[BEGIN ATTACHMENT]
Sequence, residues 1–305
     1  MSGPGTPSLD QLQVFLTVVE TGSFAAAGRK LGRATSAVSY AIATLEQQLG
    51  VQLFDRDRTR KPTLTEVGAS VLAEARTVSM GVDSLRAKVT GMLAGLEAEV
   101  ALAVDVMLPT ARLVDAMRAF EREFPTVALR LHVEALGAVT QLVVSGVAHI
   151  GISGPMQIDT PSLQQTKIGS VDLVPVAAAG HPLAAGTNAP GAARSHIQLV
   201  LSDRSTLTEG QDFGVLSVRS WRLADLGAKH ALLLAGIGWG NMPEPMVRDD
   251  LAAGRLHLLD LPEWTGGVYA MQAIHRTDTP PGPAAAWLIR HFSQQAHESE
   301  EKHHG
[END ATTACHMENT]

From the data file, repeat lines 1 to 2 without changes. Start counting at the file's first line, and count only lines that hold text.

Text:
Sequence, residues 1–305
     1  MSGPGTPSLD QLQVFLTVVE TGSFAAAGRK LGRATSAVSY AIATLEQQLG